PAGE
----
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Researchers have tried making rewritable holographic displays in the past, but they faced a number of problems. Materials failed to produce bright images, for example, or the images faded quickly. Peyghambarian’s new materials can preserve an image for hours and produce very bright images. The materials can also be easily made in large areas. The prototype holographic film created with the new material is 10 centimeters on a side, but because it was made using well-known polymer processing techniques, it should be relatively easy to scale it up to much larger sizes, says Joseph Perry, a professor of chemistry and biochemistry at Georgia Tech.

The process currently takes a few minutes to write and erase an image–much too long for video. But it might be possible to significantly increase the write and erase speed, says Perry. There are two key limitations right now. One is how fast the electric fields can be established, which is determined by how fast the holes can move. Next, once the fields are in place, it takes some time for the dye molecules to rotate. One way to improve the speeds is to amplify the other property of the dye that changes the behavior of light–the change in polarization. Right now, this is a small effect, but the polarization changes very quickly–fast enough to change the image in real time, Perry says.

For many applications, the new approach will face stiff competition from a growing number of 3-D technologies that can already display video and, like the new approach, do not require that the viewer wear special equipment. That could limit the applications of the new display to those that don’t require fast updates, such as maps, says Brian Schowengerdt, a research scientist at the Human Interface Technology Laboratory at the University of Washington. Peyghambarian’s approach could also have an advantage for very large displays, since the other technologies are difficult to make that size. These could be used for high-end marketing displays, says Neil Dodgson, the director of studies in computer science at Emmanuel College, part of the University of Cambridge.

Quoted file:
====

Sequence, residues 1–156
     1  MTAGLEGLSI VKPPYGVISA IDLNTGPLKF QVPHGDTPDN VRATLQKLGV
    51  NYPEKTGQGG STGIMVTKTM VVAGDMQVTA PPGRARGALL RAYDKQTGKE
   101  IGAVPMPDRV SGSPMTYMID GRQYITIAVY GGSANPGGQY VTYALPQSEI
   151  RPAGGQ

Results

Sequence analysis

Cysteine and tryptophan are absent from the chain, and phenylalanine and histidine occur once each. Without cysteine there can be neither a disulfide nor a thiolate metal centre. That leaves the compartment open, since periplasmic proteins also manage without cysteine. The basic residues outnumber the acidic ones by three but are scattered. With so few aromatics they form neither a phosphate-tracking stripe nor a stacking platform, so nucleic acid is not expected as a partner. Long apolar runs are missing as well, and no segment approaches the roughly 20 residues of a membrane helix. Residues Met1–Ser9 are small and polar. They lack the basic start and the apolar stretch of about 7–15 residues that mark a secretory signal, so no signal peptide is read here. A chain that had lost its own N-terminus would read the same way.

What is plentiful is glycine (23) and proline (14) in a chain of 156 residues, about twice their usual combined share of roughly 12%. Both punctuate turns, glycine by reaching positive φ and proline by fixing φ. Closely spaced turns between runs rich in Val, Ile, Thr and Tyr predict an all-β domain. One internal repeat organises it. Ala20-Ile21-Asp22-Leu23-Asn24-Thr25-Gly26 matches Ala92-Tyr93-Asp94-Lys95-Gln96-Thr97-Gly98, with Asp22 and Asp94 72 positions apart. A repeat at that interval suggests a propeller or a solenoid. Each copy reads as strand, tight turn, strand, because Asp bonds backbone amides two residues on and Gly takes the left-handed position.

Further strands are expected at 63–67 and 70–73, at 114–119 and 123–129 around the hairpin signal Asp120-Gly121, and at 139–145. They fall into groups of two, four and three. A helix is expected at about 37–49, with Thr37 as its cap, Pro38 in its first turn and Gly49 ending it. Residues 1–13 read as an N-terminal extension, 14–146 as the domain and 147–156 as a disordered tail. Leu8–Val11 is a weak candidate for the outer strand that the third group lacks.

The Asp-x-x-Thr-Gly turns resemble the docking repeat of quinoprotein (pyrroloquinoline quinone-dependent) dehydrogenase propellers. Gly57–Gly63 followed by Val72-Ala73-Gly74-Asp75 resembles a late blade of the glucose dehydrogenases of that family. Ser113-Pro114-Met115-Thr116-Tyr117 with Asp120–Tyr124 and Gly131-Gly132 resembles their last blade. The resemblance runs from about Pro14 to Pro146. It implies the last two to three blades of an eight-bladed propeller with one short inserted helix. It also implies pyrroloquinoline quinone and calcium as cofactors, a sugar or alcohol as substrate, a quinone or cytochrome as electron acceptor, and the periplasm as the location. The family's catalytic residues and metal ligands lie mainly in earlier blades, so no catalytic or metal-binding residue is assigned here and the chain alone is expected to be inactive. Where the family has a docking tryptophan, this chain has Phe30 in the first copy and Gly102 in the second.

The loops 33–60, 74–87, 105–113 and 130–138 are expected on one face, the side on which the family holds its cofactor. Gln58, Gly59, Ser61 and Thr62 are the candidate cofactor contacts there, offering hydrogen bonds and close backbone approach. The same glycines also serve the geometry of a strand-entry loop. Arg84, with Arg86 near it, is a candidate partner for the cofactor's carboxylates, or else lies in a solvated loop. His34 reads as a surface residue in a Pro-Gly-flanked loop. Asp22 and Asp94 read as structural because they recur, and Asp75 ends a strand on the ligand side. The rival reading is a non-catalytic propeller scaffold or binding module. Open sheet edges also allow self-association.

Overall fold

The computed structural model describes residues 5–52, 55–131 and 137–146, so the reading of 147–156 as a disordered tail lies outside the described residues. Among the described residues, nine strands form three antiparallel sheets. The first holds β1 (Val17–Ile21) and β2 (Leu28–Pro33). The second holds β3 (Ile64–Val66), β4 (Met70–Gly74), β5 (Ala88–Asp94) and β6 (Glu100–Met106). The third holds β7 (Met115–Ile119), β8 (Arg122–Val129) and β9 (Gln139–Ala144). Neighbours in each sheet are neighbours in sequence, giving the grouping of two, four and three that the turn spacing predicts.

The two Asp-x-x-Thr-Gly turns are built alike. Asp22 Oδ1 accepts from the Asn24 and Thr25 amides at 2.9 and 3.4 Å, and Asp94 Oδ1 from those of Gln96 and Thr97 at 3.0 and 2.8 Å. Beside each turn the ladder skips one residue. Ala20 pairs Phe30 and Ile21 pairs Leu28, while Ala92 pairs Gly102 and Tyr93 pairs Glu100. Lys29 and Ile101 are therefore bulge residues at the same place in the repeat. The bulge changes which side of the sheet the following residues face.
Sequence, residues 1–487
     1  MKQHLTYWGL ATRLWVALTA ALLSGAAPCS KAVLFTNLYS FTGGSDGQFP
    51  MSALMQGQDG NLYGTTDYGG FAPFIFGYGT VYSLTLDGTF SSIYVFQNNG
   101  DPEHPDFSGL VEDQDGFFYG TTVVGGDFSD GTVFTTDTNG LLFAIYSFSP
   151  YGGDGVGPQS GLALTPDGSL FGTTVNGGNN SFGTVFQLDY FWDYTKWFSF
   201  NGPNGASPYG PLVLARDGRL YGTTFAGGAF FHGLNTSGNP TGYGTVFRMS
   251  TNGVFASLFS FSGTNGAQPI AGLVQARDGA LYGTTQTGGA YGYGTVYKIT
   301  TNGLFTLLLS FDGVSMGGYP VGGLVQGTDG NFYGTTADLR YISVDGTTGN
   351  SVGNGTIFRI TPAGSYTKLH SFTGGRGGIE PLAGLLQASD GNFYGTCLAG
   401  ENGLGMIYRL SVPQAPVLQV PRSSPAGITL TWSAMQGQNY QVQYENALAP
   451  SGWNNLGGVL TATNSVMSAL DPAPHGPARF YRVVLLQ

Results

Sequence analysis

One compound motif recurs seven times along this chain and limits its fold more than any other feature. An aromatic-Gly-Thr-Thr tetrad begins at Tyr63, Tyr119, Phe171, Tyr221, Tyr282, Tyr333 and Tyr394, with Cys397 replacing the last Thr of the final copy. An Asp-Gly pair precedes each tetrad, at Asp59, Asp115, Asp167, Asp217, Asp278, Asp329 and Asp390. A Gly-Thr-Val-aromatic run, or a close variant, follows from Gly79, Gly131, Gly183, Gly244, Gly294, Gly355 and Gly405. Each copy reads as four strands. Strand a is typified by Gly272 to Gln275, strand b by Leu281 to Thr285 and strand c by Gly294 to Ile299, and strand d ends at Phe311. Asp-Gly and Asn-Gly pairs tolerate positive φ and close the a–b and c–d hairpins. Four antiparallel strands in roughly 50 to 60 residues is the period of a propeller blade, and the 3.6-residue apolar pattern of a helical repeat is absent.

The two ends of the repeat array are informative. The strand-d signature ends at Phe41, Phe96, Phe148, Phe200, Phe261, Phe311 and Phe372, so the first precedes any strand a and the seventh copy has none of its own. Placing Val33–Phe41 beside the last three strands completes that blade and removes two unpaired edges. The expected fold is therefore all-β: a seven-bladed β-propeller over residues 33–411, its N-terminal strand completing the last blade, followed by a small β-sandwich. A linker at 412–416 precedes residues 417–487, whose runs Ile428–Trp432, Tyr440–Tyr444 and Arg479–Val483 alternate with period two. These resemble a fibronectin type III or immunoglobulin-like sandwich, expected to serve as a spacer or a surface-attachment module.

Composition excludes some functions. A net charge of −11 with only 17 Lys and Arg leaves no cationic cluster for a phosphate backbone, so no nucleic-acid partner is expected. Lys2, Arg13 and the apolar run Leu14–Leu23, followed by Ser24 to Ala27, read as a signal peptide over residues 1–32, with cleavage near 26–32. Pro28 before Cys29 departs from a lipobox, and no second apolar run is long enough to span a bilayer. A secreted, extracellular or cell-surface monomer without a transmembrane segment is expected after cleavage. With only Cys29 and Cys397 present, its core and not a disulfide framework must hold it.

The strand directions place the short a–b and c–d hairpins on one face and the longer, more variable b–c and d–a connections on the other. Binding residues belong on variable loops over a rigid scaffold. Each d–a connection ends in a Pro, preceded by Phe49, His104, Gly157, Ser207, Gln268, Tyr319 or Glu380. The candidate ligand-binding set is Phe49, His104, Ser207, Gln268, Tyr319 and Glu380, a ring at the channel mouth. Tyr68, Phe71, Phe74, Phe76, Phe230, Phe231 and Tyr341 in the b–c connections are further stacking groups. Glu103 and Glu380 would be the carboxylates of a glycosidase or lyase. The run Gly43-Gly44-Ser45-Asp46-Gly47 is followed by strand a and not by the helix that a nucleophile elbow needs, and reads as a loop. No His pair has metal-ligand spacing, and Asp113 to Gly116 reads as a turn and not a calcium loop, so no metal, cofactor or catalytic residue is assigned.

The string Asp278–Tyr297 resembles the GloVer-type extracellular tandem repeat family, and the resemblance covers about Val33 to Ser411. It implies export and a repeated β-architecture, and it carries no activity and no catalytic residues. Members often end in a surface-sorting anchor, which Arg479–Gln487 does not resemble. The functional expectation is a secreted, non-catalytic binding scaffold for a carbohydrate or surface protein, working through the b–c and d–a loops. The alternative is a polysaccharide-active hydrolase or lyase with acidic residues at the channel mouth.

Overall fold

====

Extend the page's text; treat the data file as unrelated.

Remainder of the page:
“People already spend a lot of money on holograms,” Dodgson says. “An updatable one would be a fantastic advertising medium.”

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Credit: Savas Tay, University of Arizona

Tagged: Computing, Materials, materials, imaging, optics

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